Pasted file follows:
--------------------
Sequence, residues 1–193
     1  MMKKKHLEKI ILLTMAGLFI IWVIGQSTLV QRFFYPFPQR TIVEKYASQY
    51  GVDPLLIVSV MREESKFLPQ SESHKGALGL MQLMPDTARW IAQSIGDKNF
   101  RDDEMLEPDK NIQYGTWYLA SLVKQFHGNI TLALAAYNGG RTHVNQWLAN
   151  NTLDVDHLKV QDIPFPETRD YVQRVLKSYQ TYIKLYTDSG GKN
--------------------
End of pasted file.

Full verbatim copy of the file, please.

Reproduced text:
Sequence, residues 1–193
     1  MMKKKHLEKI ILLTMAGLFI IWVIGQSTLV QRFFYPFPQR TIVEKYASQY
    51  GVDPLLIVSV MREESKFLPQ SESHKGALGL MQLMPDTARW IAQSIGDKNF
   101  RDDEMLEPDK NIQYGTWYLA SLVKQFHGNI TLALAAYNGG RTHVNQWLAN
   151  NTLDVDHLKV QDIPFPETRD YVQRVLKSYQ TYIKLYTDSG GKN